How to STOP Procrastinating

Featured blog post today is How To Stop Procrastinating.

I am probably not the only soul who has been sucked into the never ending vortex of Internet distractions: When I intend to check my email, it seems that Facebook is calling out to me.
When I am on the computer, solidly resolved not to go on the Internet at all, somehow, somehow, I end up wasting half my time on Pinterest.

So how can we navigate this web of diversions? (Pun not intended xD) Here are some tips that I’ve found helpful:

1. Pray. Focusing on the Internet is part of learning self control, which is a godly virtue. It has always helped me to ask God for guidance and self control before I do my tasks on the Internet–and it works!

2. Be accountable.Telling your sister or roommate what you plan to do and having them check on you should be a good motivator. And if they swoop in just when you’re in the middle of doing something that is not what you planned, it’s lucky they caught you!

3. Set a timer. Hearing the clock ticking may remind you that you have a limited amount of time to get done what you need to get done–and you’d better not spend that time scrolling down various procrastination websites.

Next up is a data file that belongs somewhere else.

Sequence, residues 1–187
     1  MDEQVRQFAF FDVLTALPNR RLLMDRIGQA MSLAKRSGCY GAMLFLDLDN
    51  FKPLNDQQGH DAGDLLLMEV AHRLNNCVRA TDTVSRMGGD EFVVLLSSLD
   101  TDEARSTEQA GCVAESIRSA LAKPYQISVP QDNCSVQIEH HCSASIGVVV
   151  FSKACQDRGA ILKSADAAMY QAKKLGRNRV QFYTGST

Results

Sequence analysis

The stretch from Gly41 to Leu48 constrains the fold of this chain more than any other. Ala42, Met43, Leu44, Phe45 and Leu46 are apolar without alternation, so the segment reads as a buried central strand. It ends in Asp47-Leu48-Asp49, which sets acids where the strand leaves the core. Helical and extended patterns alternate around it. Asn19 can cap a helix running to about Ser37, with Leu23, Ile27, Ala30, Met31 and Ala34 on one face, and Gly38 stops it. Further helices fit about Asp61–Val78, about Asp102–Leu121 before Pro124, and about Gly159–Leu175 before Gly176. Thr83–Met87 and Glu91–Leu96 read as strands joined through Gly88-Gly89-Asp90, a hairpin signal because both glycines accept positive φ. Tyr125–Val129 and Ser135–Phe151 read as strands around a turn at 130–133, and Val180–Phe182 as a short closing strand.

4. Disable the Internet. If you’re working on a Word document (or a stupid WordPad document–yes, I now have the terrible Windows 10)or any other kind of non-internet related computer activity, this may work for you.

5. Make a list. This is one of the most important things and one that has worked the best for me. Clearly listing out everything you want to achieve by the time your computer period is up is very helpful–plus, you get to satisfyingly scratch every accomplished task off the list.

6. SelfControl app. I have actually not tried this. (Guilty.) If you have an iPhone or Apple, however, this may benefit you: SelfControl lets you block certain websites at certain times of the day when you’re supposed to be doing schoolwork or other activities.

7. DON’T do the music. So, this tip may not be for everybody, but in my experience music (particularly lyrical music) does not at all aid in focusing. In fact, psychologically, it may distract you more than it helps, because the brain was not meant to multitask. And even if you insist on it helping, for procrastinators like me, trying to find music on Spotify or YouTube leads to a never ending eternity of watching video after video, listening to song after song, and never getting anything done. Instead, reward yourself with music after you’ve finished all your work.

Also: ask yourself: am I procrastinating right now by reading this article?

Stay inspired!

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